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07.12.2021 Legal News

President Biden Takes Aim at Employment Non-Compete Agreements

As anticipated, President Biden has continued to carry through on his presidential campaign promise to overhaul federal labor and employment laws. With the aim of protecting workers and encouraging competition, on July 9, 2021, President Biden issued the Administration’s latest salvo – a sweeping Executive Order on Promoting Competition in the American Economy, along with a coordinating Fact Sheet explaining the basis for the President’s Order.

The Order is part of a larger push from the Administration to make it easier for workers to have free mobility within their respective industries. While the Order does not provide specific directives as to the scope of any restrictions the Biden Administration would ultimately like its agencies to implement, the President encourages the Chair of the Federal Trade Commission (FTC) and other federal agencies to develop regulations that would ban or limit non-compete agreements and ban occupational licensing restrictions that impede employee mobility.

In order to do so, the Order first seeks to establish a White House Competition Council led by the Assistant to the President for Economic Policy and the Director of the National Economic Council. The Competition Council is directed to meet on a semi-annual basis to advance policies that, among other things, promote a competitive marketplace, higher-paying jobs, and the ability for employees to switch jobs and negotiate higher wages and better working conditions.

The Order next encourages the heads of all federal agencies, including the Secretary of Labor and the Secretary of the Treasury, to implement regulations to further these free-competition and employee-mobility efforts. Specifically, the Order directs the heads of these agencies to “consider using their authorities … to address agreements that may unduly limit workers’ ability to change jobs.” See Order, Section 5(g). The Order encourages the FTC to use its statutory rulemaking authority under the Federal Trade Commission Act to address non-compete clauses and similar restrictive covenants “to curtail the unfair use of … clauses or agreements that may unfairly limit worker mobility.” Id. The Executive Order also directs the FTC and the Department of Justice to strengthen antitrust rules to prevent employers from collaborating to suppress wages or reduce benefits in their industries.

Significantly, the Order does not change the law – but rather, again, it merely directs federal agencies such as the FTC to engage in the rulemaking process, including a period of notice and public comment. And, of course, it is safe to assume that businesses will have a lot of comments on those proposed regulations! Indeed, the U.S. Chamber of Commerce immediately raised concerns about the Executive Order as evidencing too much government involvement in private industry. But, if the FTC successfully implements regulations in keeping with President Biden’s Order, the federal government will follow the lead of many states, including recent developments in Virginia and the District of Columbia – jurisdictions that also have moved to ban or limit non-compete agreements. For example:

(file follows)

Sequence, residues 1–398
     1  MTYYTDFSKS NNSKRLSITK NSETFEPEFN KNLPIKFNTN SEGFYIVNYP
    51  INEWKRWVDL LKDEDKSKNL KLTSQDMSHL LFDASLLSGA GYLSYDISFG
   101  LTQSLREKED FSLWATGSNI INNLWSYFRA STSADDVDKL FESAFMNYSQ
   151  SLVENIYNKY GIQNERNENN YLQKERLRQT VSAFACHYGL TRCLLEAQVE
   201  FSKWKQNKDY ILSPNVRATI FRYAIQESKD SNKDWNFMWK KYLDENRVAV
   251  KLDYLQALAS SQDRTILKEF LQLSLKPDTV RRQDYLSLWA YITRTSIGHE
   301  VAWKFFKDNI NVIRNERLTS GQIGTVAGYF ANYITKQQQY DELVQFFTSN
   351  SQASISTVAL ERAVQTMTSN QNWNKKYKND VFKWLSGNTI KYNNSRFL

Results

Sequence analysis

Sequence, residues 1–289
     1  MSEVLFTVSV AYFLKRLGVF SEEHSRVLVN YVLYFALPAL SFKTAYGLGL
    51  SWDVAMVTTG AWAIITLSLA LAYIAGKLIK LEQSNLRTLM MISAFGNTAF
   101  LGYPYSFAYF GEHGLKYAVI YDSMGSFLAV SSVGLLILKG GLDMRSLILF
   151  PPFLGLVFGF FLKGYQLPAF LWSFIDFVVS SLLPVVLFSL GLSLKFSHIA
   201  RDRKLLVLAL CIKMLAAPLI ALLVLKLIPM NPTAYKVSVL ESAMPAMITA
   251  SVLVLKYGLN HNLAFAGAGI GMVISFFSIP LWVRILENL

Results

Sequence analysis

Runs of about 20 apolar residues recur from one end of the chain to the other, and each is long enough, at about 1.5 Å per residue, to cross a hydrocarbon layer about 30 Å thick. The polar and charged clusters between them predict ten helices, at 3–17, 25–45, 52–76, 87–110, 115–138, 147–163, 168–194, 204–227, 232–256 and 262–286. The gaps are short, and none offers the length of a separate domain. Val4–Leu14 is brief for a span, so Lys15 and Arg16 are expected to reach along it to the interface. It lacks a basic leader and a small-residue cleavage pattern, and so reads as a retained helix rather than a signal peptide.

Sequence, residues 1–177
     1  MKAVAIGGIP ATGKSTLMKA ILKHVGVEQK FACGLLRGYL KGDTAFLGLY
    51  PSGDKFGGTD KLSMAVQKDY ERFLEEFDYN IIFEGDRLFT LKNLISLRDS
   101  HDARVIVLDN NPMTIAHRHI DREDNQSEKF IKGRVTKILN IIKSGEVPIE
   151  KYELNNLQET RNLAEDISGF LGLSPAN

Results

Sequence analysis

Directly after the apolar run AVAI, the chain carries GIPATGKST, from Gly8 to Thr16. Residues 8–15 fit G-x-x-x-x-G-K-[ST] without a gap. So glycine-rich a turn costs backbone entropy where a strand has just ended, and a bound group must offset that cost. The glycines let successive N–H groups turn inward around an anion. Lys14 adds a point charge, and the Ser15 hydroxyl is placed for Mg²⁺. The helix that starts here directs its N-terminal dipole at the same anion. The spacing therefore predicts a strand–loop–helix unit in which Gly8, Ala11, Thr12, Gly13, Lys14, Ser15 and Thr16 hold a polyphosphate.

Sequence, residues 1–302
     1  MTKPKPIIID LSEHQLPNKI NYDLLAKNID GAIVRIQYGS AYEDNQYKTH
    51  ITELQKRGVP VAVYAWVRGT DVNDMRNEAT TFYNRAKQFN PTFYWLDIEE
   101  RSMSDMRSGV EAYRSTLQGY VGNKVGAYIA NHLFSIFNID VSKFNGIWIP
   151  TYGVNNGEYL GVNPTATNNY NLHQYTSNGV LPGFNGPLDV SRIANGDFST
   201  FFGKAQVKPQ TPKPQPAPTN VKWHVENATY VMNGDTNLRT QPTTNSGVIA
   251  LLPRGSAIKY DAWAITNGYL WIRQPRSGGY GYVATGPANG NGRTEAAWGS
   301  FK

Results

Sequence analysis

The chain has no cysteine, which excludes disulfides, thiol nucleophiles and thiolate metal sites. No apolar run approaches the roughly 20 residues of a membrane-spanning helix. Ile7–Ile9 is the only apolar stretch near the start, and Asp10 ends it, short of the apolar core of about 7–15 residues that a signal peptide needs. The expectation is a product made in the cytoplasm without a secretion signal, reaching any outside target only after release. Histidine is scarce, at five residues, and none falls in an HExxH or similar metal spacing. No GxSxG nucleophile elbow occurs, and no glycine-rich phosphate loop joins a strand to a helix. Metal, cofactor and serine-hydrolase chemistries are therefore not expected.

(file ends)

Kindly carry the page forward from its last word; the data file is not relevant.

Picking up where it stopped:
• As previously reported by Williams Mullen in our January 22, 2021 alert, the District of Columbia has banned virtually all non-compete agreements, and D.C. employers are prohibited from restricting employees even from moonlighting or operating their own businesses while they are employed by their current employer.
  • For Virginia employers, the 2020 Virginia General Assembly enacted a ban on all future non-competition agreements between employers and so called “low-wage employees” – defined as employees who earn less than the average weekly wage of the Commonwealth, (See Williams Mullen’s April 13, 2020 alert for more information), which is currently approximately $65,000/year. Employers can access current Virginia wage data through the U.S. Bureau of Labor Statistics.

Although the July 9 Executive Order does not immediately change the law, it does send a message to employers that the Biden Administration intends to use the tools available to it to crack down on actual or perceived unfair competition. Employers that use non-compete agreements with employees also must carefully monitor changes to state laws in which they do business – whether through that state’s legislature or case law from state courts – as many states’ laws are trending toward limiting or eliminating employment restrictive covenant agreements.